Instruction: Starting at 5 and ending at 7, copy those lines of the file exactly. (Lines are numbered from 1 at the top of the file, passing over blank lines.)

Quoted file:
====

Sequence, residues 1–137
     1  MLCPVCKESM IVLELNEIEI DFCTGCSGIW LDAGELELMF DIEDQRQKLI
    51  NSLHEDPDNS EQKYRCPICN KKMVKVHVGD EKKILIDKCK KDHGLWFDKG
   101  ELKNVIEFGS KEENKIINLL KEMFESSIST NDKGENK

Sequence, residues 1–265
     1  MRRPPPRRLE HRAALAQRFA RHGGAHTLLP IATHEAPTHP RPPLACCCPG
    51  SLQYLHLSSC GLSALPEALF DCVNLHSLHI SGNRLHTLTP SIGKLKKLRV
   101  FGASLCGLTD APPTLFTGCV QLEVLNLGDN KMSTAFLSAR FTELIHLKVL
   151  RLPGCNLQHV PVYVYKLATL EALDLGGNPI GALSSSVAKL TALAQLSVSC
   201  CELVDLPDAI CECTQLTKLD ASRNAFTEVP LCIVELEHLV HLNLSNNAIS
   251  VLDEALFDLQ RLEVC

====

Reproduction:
Sequence, residues 1–265
     1  MRRPPPRRLE HRAALAQRFA RHGGAHTLLP IATHEAPTHP RPPLACCCPG
    51  SLQYLHLSSC GLSALPEALF DCVNLHSLHI SGNRLHTLTP SIGKLKKLRV